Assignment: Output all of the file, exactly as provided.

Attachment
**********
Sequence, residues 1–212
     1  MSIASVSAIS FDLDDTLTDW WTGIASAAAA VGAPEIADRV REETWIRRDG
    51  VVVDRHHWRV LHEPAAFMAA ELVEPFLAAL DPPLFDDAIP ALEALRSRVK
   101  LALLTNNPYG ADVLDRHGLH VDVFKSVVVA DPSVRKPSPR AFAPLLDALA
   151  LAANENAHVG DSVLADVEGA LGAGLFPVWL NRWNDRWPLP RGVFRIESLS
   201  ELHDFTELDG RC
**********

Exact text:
Sequence, residues 1–212
     1  MSIASVSAIS FDLDDTLTDW WTGIASAAAA VGAPEIADRV REETWIRRDG
    51  VVVDRHHWRV LHEPAAFMAA ELVEPFLAAL DPPLFDDAIP ALEALRSRVK
   101  LALLTNNPYG ADVLDRHGLH VDVFKSVVVA DPSVRKPSPR AFAPLLDALA
   151  LAANENAHVG DSVLADVEGA LGAGLFPVWL NRWNDRWPLP RGVFRIESLS
   201  ELHDFTELDG RC